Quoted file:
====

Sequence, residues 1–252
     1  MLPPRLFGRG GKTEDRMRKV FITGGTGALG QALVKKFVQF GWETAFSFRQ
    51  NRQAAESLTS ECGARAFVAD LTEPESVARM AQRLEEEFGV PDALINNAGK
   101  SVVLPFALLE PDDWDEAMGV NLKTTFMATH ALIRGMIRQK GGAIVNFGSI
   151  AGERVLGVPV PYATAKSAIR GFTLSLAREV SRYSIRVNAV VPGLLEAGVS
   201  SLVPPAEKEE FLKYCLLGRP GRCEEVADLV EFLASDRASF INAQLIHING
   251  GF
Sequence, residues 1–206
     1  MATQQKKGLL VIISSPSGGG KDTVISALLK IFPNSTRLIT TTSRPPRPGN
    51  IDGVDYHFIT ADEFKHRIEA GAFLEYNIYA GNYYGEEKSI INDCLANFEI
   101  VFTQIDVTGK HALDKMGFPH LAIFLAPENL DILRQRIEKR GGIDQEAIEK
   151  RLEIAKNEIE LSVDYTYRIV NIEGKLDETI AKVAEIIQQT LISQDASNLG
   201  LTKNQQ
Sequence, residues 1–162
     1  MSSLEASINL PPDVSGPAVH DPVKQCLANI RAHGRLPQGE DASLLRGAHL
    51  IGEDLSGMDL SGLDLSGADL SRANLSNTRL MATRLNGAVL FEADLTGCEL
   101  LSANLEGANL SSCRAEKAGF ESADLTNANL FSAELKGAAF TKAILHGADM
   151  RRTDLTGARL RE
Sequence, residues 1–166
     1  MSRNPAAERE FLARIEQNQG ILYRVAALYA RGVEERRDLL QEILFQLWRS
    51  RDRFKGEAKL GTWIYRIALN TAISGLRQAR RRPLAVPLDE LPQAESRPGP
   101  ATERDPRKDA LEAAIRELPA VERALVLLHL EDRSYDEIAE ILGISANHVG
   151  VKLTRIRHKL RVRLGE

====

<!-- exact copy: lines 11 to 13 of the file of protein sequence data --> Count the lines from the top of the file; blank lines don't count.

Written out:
   101  VFTQIDVTGK HALDKMGFPH LAIFLAPENL DILRQRIEKR GGIDQEAIEK
   151  RLEIAKNEIE LSVDYTYRIV NIEGKLDETI AKVAEIIQQT LISQDASNLG
   201  LTKNQQ